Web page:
RALEIGH — In a decision released Wednesday, a 6-3 majority of the U.S. Supreme Court ruled that the North Carolina State Board of Dental Examiners violated federal antitrust laws by engaging in self-dealing in ordering service providers that do not have dental licenses to cease and desist from whitening teeth.
The ruling is hailed by some as a victory for free market enterprise, turning back regulatory overreach. But the dissenting justices warned that the Supreme Court has strayed from precedent in a manner that erodes states’ rights and will cast sweeping confusion nationwide on an array of state regulatory bodies.
“We came out on the losing end. We’re disappointed in the ruling itself,” said Bobby White, chief operations officer of the state dental board.
“We are under their jurisdiction, we will comply with the holding of the Supreme Court,” White said. “We have a board meeting this weekend. I know that we won’t develop an action plan, but we’ll certainly review the decision, and see where that leaves us.”
There will need to be a legislative decision to determine the future of professional boards whose members work in that field because they are familiar with the highly technical nature of the industry, White said.
“This is an important ruling for economic liberty. Our hope is that this decision will lead lower courts to be more skeptical when confronted with obviously protectionist laws, not just in antitrust cases, but in constitutional cases as well, said Paul Sherman, a lawyer with the Institute for Justice, which filed a friend-of-the-court brief in the case.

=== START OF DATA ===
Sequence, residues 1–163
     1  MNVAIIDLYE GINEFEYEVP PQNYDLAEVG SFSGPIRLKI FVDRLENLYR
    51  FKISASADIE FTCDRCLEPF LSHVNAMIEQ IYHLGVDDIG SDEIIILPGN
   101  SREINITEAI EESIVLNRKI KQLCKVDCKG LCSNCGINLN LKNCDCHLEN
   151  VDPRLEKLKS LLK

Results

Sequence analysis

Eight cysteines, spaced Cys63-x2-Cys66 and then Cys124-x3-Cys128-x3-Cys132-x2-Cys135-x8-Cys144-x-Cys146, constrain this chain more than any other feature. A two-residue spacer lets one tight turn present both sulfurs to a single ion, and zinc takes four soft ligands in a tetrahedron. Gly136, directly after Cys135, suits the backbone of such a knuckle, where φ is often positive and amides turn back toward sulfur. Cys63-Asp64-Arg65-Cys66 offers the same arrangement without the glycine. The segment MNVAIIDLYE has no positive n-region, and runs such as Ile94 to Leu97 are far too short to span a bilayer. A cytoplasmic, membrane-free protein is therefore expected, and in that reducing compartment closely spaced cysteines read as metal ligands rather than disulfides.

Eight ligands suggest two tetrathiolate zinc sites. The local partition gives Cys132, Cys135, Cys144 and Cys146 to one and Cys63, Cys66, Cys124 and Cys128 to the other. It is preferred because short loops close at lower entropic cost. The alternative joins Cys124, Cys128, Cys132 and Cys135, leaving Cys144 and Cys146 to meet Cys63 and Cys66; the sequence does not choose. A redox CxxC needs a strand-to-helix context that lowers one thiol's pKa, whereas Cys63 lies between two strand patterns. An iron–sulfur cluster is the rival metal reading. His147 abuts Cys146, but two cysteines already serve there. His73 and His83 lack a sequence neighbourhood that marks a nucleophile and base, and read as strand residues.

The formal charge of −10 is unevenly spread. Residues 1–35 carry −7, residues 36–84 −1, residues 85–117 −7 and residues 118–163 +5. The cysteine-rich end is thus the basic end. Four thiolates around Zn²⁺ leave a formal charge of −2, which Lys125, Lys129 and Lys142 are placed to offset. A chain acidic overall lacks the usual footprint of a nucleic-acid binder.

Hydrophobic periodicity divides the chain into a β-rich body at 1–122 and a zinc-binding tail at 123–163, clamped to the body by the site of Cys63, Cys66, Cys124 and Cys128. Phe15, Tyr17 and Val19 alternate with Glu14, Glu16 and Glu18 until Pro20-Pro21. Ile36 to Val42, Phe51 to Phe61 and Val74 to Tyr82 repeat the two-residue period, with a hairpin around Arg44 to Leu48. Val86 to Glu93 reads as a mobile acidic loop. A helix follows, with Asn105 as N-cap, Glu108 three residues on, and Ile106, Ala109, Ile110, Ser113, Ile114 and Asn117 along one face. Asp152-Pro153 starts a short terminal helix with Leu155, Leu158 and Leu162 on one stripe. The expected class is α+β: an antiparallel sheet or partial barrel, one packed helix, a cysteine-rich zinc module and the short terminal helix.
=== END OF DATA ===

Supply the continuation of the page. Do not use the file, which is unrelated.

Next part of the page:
“What’s absolutely clear from both the majority opinion and the dissent in the North Carolina case is that every member of the court knew exactly what was going on in North Carolina, which is exactly what is happening in countless occupations in states across the country,” Sherman said.
The lawsuit was brought by the Federal Trade Commission, which argued that the dental board’s ability to prevent nondentists from offering teeth-whitening services violated federal antitrust law.
In the majority opinion, Justice Anthony Kennedy wrote:
“In the 1990s, dentists in North Carolina started whitening teeth. Many of those who did so, including eight of the Board’s 10 members during the period at issue in this case, earned substantial fees for that service. By 2003, nondentists arrived on the scene. They charged lower prices for their services than the dentists did. Dentists soon began to complain to the board about their new competitors. Few complaints warned of possible harm to consumers. Most expressed a principal concern with the low prices charged by nondentists. …
“Starting in 2006, the board issued at least 47 cease-and-desist letters on its official letterhead to nondentist teeth whitening service providers and product manufacturers. … These actions had the intended result. Nondentists ceased offering teeth whitening services in North Carolina.”
Sherman said even the dissenting opinion, written by Justice Samuel Alito, “recognizes that this is standard operating procedure for occupational licensing boards.”
He cited this portion of Alito’s dissent to make his case:
“[There is not] ‘anything new about the suspicion that the North Carolina board — in attempting to prevent persons other than dentists from performing teeth-whitening procedures — was serving the interests of dentists and not the public. Professional and occupational licensing requirements have often been used in a such a way.”
While that may be a common practice, Sherman said, “it’s not a legitimate use of government power, and the Institute for Justice is currently litigating cases challenging similar restrictions on nondentist teeth whitening in Alabama, Georgia, and Connecticut on constitutional grounds.”